pension plan. Moreover, there was no requirement to mitigate damages.
When AIG took over in August, 1990, Fischbach was a shell of its former self, emptied of its cash reserves, heavily in debt to its creditors, and involved in many lawsuits which exposed the company to a potential liability of many millions of dollars. AIG sought to reduce Fischbach's exposure through negotiation with Fischbach's creditors and litigants. In handling the merger with Fischbach and in seeking to reduce the company's financial liabilities, AIG engaged people (lawyers and employees) to accomplish this task, without consulting plaintiff, although he was advised of what was going on. While these matters were theoretically Fischbach's business, it was AIG's funds and assets that were to be used to satisfy Fischbach's obligations and the claims against it in the effort to restore the corporation to good health. AIG chose the firm of Kaye, Scholer, which had represented it in the acquisition of Fischbach, to reach agreements with Westinghouse, BAII, Posner and DWG, settling roughly some $ 80 million of Fischbach's indebtedness. Settlement of the Aetna and Travelers lawsuits was reached for about $ 39 million. D'Alessandri worked out a settlement of the lawsuit Wilinski had brought for breach of his employment agreement and negotiated an agreement with Coudert Brothers to keep them from withdrawing as counsel for Fischbach in ongoing anti-trust litigation because of nonpayment of the firm's fees, which had grown to $ 3 million.
Fischbach's survival was at risk, and without the steps AIG took to handle these outstanding matters, the company could not have survived. I am not convinced that these acts, accomplished without Bigda's involvement, constituted breaches of his employment agreement. Indeed, there is only Bigda's word as to the extent and scope of his responsibility and authority as General Counsel prior to the Posner takeover. Nor am I at all certain that Bigda's version of the scope of his authority during that period is reliable or credible. There is some evidence that his authority to appoint outside counsel was subject to Board approval and that his decisions on legal matters were seconded by Wilinski. Moreover, with over a hundred million dollars involved, I seriously doubt that before the Posner takeover Bigda would have had the unfettered authority he claims he had to decide on the selection of people to do what had to be done. However, there has been no effort to seriously challenge him regarding the scope of his duties. Accordingly, the court will assume in deciding the breach of contract issue that Bigda's authority and responsibility were as far-reaching in scope and independence as he asserts.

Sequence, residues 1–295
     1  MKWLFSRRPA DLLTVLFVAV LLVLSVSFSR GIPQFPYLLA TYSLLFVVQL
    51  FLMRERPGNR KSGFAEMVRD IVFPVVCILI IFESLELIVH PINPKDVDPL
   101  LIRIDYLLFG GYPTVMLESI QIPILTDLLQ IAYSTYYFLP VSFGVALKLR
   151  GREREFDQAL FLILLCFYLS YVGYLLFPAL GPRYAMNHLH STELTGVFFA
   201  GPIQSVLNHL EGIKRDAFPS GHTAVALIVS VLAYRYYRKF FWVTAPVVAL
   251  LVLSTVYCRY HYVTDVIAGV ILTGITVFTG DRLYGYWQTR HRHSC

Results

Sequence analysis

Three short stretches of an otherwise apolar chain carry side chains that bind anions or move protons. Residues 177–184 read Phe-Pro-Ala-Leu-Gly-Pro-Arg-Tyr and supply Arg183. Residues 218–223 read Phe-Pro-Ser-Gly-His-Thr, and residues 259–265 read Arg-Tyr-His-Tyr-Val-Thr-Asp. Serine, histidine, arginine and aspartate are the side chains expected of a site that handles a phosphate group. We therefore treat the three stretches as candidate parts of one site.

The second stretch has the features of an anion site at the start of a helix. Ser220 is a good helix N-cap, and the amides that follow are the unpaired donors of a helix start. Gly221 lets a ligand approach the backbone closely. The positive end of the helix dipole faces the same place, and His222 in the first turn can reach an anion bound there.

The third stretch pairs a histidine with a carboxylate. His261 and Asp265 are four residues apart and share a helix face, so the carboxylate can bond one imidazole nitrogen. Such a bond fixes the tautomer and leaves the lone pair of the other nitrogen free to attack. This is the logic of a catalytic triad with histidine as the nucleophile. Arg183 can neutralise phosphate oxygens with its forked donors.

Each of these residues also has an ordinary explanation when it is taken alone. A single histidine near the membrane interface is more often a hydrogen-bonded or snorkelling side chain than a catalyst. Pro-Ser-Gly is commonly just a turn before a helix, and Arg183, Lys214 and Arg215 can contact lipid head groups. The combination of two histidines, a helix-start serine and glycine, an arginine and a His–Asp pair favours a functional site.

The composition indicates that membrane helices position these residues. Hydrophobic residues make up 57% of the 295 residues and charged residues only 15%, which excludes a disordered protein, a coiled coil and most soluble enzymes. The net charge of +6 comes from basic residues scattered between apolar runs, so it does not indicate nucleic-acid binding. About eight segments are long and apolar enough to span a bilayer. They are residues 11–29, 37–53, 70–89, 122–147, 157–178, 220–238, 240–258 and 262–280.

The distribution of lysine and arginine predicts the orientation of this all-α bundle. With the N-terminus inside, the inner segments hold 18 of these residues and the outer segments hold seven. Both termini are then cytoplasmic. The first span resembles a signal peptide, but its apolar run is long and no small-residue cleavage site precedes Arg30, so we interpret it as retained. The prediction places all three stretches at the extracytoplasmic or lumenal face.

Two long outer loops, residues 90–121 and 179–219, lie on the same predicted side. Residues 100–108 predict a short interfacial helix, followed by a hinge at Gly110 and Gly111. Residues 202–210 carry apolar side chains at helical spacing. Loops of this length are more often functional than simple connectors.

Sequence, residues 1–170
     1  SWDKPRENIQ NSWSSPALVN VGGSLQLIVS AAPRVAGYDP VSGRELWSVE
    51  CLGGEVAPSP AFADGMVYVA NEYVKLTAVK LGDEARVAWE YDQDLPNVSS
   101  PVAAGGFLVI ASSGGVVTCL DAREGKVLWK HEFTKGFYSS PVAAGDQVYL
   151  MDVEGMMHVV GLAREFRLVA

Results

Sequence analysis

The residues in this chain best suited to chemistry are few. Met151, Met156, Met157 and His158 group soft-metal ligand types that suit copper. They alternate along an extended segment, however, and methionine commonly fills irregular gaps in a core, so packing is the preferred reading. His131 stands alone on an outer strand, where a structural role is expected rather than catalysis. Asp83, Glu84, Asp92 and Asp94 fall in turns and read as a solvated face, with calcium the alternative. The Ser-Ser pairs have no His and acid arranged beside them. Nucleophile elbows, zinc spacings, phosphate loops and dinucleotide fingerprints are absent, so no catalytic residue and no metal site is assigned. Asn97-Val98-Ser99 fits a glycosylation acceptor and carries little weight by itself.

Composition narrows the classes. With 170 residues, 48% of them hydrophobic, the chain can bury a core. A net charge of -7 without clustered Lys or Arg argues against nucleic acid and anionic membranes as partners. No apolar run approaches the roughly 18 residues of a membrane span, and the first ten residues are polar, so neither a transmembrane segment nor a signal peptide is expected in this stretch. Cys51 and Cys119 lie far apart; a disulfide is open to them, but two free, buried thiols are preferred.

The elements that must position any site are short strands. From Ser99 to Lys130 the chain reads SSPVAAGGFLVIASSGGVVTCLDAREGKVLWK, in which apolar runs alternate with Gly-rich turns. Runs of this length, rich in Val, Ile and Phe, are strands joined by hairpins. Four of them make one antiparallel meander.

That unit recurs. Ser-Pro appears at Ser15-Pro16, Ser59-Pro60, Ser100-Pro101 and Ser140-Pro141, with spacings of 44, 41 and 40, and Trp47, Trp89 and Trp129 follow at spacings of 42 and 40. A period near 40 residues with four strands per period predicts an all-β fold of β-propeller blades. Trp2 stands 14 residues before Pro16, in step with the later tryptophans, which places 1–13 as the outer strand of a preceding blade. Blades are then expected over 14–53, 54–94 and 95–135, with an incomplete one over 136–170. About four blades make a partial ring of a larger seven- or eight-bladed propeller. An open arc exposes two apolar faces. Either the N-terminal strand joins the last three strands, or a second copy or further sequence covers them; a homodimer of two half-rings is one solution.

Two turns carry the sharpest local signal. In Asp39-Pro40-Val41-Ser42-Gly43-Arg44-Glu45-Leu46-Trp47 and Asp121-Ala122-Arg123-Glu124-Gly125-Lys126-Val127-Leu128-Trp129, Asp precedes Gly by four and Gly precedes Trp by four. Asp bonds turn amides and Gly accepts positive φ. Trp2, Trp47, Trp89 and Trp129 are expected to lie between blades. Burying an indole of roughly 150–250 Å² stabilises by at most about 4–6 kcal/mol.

Bigda points to the following as instances of diminution of his authority in violation of the employment agreement: Brenner's handling of the termination of Robert Niehaus, acting president of Fischbach, without consulting plaintiff, (Tr. 107-11); Bigda's not being consulted about the Aetna, Travelers, BAII, Westinghouse, Posner, and DWG settlements and not being involved in selecting outside counsel to deal with these matters; his not being allowed to handle the delisting on the N.Y.S.E. or the deregistration with the S.E.C.; D'Alessandri's negotiating with Coudert Brothers without consulting or involving Bigda; and D'Alessandri's settling of the Wilinski law suit and the Manville estate claim without consulting or involving plaintiff. (Tr. at 117, 130-140.) Brenner never discussed any of these matters with plaintiff and did not respond when Bigda wrote to him about current legal issues facing the company. (Tr. at 132, 133.) These incidents occurred in August, on the heels of Fischbach becoming a subsidiary of AIG. Bigda also cites as a diminution of his authority the fact that after Fischbach was merged with AIG, new by-laws were prepared for the corporation without his being consulted or otherwise involved in the matter.
In early September, 1990, plaintiff brought to Brenner's attention the threatened withdrawal of Coudert Brothers as counsel in pending anti-trust litigation unless their long overdue legal fees were paid promptly. He received no response and learned subsequently that Brenner had referred the matter to D'Alessandri, who had made direct contact with Coudert Brothers and reached an accommodation about payment of their fees and their continued representation of Fischbach. Bigda regarded Brenner's referral to D'Alessandri and the latter's negotiating with Coudert Brothers on his own as a diminution of his authority and thus a breach of the employment agreement. (Tr. at 133-36, 701, 727.) On September 6, 1990, Bigda wrote to Brenner about overdue fees for outside counsel handling a matter for the company. He received no response. (Tr. at 137.)
On September 11, 1990, plaintiff wrote to Brenner about possible controversy with the Justice Department because of some unresolved litigation. No response was forthcoming. D'Alessandri then called plaintiff to ask him to alert Stephen Hogan of Coudert Brothers to a conference call D'Alessandri intended to have with Hogan, the Justice Department and a fourth party regarding resolving the litigation as desired by the Justice Department. Hogan prevailed on D'Alessandri to not make the call. Plaintiff considered it his responsibility to handle this matter.